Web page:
Fig: Limited contrast resolution images in the presence of blinding sun
2. A Model-Based Workflow Integrating FuSa and SOTIF:
To successfully conduct autonomous vehicle development in compliance with both ISO 21448 and ISO 26262 there is a unique model that combines a linear process, V-shaped progression with feedback loops of evaluation and improvement to incorporate the learning and as well as comply with the standard. This model-integrated safety workbench offers all required analysis options for
Functional Safety (FuSa), Safety of The Intended Functionality (SOTIF).
The following is a step-by-step look at the workflow:
- Features of the Automated Driving (AD) functionality and the Operational Design Domain (ODD) are defined. From the above-portrayed functionalities, the requirements are derived or transferred from the Original Equipment Manufacturer (OEM) to the supplier. The initial architecture developed on a functional level, and this will begin the integrated FuSa and SOTIF process.
- Performing the hazard analysis and investigating the causes of potential hazards strengthens the feedback loop to identify the issues during the analysis stage and rectifies them straight from the initial level to the architecture level. Ultimately, this will enhance the requirements and architecture.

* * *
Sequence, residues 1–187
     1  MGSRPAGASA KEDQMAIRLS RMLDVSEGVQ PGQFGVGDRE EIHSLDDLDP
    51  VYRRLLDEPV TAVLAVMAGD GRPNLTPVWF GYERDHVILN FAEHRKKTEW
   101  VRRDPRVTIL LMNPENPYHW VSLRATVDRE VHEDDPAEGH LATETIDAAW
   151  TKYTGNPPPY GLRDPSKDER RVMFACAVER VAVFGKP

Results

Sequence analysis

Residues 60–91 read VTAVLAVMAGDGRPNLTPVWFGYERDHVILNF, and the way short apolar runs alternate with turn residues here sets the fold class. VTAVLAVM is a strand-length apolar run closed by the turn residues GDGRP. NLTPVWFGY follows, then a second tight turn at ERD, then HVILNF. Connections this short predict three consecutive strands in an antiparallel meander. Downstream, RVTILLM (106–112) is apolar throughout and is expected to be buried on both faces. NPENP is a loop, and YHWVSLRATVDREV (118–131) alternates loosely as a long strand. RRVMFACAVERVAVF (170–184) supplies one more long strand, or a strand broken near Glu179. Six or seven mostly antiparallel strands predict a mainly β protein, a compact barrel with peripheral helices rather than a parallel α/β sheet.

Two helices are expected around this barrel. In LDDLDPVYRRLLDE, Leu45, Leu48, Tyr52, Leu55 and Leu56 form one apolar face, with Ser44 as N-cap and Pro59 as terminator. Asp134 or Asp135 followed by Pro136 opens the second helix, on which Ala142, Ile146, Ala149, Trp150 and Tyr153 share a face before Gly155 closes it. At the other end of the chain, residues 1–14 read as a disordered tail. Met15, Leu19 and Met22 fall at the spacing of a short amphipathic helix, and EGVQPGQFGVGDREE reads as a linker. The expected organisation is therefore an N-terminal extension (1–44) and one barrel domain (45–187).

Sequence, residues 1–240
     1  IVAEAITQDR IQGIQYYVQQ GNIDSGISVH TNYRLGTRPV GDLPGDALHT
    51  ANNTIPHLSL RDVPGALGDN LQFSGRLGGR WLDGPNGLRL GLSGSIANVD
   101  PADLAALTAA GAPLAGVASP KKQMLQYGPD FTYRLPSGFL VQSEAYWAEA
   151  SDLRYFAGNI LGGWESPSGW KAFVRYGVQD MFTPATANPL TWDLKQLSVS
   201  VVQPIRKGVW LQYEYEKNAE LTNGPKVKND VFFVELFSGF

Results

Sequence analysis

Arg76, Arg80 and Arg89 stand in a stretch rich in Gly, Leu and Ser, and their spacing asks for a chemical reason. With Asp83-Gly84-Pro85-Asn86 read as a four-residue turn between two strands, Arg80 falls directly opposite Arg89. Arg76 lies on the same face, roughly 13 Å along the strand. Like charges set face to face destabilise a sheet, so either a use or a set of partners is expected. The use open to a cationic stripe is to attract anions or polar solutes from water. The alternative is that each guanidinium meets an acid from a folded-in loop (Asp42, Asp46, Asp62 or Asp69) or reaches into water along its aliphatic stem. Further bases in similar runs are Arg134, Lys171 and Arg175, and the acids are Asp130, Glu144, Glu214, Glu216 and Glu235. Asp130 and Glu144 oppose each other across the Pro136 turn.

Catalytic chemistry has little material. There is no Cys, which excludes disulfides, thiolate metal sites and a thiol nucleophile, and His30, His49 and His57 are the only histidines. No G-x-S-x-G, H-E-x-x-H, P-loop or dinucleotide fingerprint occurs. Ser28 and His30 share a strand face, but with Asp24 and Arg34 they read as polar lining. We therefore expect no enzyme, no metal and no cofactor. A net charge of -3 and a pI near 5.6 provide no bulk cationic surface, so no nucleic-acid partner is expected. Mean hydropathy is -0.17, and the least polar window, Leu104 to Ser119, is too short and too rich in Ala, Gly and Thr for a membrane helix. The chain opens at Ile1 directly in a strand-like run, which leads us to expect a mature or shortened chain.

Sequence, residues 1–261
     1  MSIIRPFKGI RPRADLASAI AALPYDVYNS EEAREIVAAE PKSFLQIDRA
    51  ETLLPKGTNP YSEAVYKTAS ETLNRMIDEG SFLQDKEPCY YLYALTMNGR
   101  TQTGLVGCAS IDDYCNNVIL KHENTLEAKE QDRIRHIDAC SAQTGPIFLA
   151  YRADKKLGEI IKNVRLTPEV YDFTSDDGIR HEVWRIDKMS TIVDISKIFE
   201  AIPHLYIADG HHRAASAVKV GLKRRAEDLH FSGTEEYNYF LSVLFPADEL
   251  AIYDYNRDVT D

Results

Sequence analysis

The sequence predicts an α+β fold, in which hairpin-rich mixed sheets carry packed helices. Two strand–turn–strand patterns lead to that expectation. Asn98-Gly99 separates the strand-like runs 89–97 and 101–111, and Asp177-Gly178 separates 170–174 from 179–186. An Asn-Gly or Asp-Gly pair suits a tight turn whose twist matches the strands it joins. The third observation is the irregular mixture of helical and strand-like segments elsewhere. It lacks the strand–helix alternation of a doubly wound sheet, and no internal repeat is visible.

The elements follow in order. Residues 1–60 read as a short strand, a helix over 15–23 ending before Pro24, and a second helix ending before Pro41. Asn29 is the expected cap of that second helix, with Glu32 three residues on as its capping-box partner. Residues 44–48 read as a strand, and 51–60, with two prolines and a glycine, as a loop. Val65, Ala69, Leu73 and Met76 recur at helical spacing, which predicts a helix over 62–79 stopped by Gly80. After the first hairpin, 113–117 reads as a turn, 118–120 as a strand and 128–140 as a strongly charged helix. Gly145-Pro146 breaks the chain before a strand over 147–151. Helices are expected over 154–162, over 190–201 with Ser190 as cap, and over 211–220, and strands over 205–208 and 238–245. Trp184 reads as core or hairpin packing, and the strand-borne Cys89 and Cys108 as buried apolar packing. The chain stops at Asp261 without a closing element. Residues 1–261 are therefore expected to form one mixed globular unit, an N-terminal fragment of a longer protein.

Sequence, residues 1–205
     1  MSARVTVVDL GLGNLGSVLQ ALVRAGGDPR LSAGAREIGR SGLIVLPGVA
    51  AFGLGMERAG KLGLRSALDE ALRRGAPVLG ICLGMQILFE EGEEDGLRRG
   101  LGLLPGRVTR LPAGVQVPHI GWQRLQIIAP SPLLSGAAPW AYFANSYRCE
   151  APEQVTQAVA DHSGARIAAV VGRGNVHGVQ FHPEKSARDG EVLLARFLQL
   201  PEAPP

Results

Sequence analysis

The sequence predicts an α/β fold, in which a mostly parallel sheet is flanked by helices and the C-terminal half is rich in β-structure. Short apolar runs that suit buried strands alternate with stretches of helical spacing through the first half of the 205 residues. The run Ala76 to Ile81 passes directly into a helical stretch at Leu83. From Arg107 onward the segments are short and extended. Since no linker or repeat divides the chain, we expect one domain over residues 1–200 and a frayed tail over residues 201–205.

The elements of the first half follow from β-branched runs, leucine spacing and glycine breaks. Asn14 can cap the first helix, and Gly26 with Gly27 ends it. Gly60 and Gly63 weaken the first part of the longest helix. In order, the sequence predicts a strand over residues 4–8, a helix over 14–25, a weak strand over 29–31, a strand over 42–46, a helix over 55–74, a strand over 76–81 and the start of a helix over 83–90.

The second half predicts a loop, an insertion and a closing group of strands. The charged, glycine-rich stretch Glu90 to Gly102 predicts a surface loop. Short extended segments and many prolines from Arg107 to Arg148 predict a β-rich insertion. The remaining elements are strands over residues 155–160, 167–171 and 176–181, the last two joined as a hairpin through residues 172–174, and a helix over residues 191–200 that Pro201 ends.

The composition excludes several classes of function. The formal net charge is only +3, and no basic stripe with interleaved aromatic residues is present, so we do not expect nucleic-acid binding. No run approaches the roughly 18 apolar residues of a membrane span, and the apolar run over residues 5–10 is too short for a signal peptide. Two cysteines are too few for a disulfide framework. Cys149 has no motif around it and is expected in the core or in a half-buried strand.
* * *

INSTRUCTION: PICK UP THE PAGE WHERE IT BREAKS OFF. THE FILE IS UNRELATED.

- Engineers execute the refinement and technical concretization of hardware, software, and sensor requirements and solutions, again handled in a model-based way, with a corresponding feedback loop.
- Performing model-based control software generation will help the engineer to generate safety compliant code, Automotive Safety Integrity Level (ASIL). Moreover, level D. Camera and radar sensor technologies and perception algorithms are validated, sent for evaluation, and improved in a cyclical process until an acceptable performance level for all foreseeable situations has reached.
- The integrated AD functionality is validated under realistic road conditions to prove that its behavior is appropriate in every situation. This step includes closed-loop simulation, supported by optimized scenario variation and parameter assignment, as well as automatic identification of “edge cases.” All insights are imported back into the safety tool, closing the validation loop.
- Hardware, software, and the Electronic Control Unit (ECU) that support AD functionality undergo thorough integration testing on Hardware-In-Loop (HIL) benches.
- All the insights will get mentioned in a convincing safety case that includes a graphical view of requirements refinement and traceability of all artifacts in the model-based process to demonstrate safety.
To maximize efficiency and financial returns, hardware, software, models, requirements, test cases, and other artifacts are available for re-use in future development efforts, typically with extended ODDs or extended functional capabilities.